Thursday, August 9, 2018

The Dire Escape From Lyncus Of Brasidas And His Peloponnesian Army



In the year 423 BCE, the Athenians and Spartans, who had been in the midst of the Peloponnesian War since 431 BCE, decided to observe an armistice that was planned to last for one year. Athens and Sparta did, indeed, halt the official war, yet smaller states on the periphery of their alliances kept fighting in their own minor feuds. As for the leaders of the war, Athens and Sparta, they also kept up their militancy in ways that would not break the armistice. For Athens, this was a time to crush rebellions and suppress dissidents. On the Peloponnesian side, a general named Brasidas (responsible for many of the aforementioned Athenian rebellions) decided to occupy his time by participating in a joint-invasion alongside his ally, King Perdiccas of Macedonia, against the Kingdom of Lyncus.

Thursday, July 19, 2018

The Tyrian Troubles Of Alexander The Great



From 336-323 BCE, Alexander the Great undertook a remarkable campaign of warfare and conquest, spanning from the Danube River in Europe, all the way to the Indus River on the edge of India. Interestingly, one of the most trying and frustrating conflicts that Alexander the Great endured during his travels took place relatively early on in his career. By the year 332 BCE, Alexander was advancing deep into Phoenicia, following the coastlines of the lands known now as Syria and Lebanon. Most of the cities in Phoenicia and Cyprus had surrendered to Alexander after news spread of his victories over the Persians at the Granicus River (334 BCE) and Issus (333 BCE). Despite this, the most powerful of the Phoenician cities, the island sea power of Tyre, staunchly kept its relationship with Alexander no warmer than neutral.

Thursday, July 12, 2018

The Failed Rebellion of The Illyrian King Cleitus Against Alexander The Great



In 335 BCE, Alexander the great campaigned against the hostile tribes along the Danube River in order to ensure the security of his European territory before invading the Persian Empire. Soon after enforcing peace on the Danube tribes, Alexander received troubling news—King Cleitus of Illyria, who submitted to Alexander’s father in 349 BCE, had launched a rebellion against Macedonia. Making maters worse, Cleitus was not alone; the Autariatae tribe gave its support to the Illyrian king, and Prince Glaucias of the Taulantians also raised an army to support Cleitus’ rebellion.

Around the time that Alexander received the news, he was staying with his ally, King Langaros, the ruler of the Agriania. Upon hearing of the rebellion, Langaros offered to personally invade the land of the Autariates, so that Alexander could march against Illyria without any distractions. While King Langaros ravaged the Autariatae, Alexander the Great quickly marched toward Cleitus’ headquarters at the city of Pelium. He made good time (as he usually did) and arrived at the city before Prince Glaucias was able to reinforce the town with his Taulantian troops. Even so, upon the arrival of the Macedonians, the Illyrian forces at Pelium pulled back to the safety of their city and both sides prepared for a siege.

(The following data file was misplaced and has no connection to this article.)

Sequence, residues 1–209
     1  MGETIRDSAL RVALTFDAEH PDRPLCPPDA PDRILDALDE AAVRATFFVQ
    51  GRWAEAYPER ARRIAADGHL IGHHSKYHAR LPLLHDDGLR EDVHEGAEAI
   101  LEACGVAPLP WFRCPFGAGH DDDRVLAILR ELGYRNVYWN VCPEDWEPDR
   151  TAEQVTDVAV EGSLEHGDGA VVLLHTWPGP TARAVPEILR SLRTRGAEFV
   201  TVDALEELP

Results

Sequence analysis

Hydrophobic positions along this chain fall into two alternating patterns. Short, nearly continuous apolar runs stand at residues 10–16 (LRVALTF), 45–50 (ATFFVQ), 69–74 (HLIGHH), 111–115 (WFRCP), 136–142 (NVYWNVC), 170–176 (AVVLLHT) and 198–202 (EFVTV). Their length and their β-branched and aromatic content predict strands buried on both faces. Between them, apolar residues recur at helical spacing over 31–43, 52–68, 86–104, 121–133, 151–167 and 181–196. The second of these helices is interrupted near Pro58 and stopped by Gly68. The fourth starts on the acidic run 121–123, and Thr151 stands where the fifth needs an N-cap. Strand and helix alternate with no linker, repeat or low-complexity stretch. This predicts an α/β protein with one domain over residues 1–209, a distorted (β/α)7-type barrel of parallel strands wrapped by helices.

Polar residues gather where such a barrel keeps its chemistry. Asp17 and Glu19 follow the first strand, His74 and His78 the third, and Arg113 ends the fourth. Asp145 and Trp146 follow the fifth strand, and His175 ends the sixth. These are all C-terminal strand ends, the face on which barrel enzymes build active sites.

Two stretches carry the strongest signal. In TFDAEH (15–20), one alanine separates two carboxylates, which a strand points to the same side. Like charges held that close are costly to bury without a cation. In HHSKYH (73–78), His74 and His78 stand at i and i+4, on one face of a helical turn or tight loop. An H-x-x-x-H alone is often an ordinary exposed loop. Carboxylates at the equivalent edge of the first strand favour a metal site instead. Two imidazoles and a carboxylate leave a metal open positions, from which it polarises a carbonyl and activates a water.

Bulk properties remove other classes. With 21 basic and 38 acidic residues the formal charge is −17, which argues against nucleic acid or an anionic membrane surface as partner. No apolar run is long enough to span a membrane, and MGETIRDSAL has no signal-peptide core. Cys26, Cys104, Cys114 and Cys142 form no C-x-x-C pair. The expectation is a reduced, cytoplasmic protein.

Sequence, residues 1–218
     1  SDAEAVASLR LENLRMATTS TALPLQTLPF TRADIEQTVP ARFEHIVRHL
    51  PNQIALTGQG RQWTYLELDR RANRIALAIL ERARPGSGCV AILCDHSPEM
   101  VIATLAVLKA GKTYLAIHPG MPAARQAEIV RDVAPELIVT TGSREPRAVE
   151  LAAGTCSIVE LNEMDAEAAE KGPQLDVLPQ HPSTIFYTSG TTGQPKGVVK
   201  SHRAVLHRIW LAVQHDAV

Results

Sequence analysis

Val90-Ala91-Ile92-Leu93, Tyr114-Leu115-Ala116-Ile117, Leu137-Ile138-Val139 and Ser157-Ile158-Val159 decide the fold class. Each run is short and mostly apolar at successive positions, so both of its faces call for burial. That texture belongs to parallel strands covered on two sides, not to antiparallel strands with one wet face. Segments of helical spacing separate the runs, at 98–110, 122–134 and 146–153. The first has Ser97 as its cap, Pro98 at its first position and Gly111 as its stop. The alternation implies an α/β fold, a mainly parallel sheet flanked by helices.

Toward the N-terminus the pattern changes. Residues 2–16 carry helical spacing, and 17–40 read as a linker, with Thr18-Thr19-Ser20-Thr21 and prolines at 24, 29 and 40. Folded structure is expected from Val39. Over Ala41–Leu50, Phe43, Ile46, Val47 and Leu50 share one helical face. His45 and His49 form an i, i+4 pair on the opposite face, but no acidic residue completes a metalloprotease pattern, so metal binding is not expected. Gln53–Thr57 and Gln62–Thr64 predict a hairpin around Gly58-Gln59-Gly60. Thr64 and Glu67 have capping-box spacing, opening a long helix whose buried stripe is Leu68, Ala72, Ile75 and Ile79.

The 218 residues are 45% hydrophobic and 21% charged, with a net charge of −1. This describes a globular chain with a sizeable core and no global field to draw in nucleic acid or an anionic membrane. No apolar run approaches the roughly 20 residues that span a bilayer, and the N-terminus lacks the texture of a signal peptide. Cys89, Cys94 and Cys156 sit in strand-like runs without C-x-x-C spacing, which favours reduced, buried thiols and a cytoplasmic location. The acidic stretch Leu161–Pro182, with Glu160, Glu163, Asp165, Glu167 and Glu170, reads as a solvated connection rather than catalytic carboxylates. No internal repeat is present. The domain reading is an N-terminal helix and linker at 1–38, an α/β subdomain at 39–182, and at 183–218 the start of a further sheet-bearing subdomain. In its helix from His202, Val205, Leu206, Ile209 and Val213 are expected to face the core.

Thursday, July 5, 2018

The Story Of Grettir And The Undead Glam—One Of The Greatest Medieval Horror Stories



According to the medieval Icelandic text, Grettir’s Saga, an unlucky 11th-century farmer named Thorhall had an extensive farmstead in the Vatnsdal region of northwestern Iceland. His land was called Shady Valley (Forsaeludal) and he had a very grim family—literally, his father and his son were both named Grim. As befitting a grim family living in a place called Shady Valley, Thorhall’s lands were notoriously haunted. His farmstead had such a bad reputation that Thorhall was constantly short on farmhands and herdsmen. Each year he traveled to the Althing, the governing body of Iceland, to beg for farmhands and to seek advice on how to keep his employees around for longer spans of time. Thorhall became so desperate that he sought out the wisest man on Iceland, Skapti Thoroddsson, hoping that the wiseman could find a solution to his problems.

Skapti did not know how to stop the hauntings, but he did know of a Swedish immigrant to Iceland who was hardy enough in strength and skeptical enough of spirits to thrive at Thorhall’s farm. The man Skapti had in mind was Glam, a blue-eyed, grey-haired giant of great size and strength. Glam happened to be at the Althing, so Thorhall interviewed him and determined that he would be a fine herdsman. With the interview over, they arranged for Glam to arrive at Shady Valley in October.

Thursday, June 21, 2018

The Battle For Delium In 424 BCE—Hillside Charges And Giant Flamethrowers



The Background
424 BCE was a momentous year in the Peloponnesian War (431-404 BCE). Up until that point, the two warring factions, led by Athens and Sparta, had been trading blows for years, and Athens seemed to be gaining a strong advantage. Yet, in 424 BCE, the Spartan side was able to regain a great deal of momentum and morale. The Athenian general and historian, Thucydides (c. 460-400), attributed this shift of power to two men—the Spartan general, Brasidas, and Pagondas of Thebes, the commander-in-chief of the Boeotian League armed forces.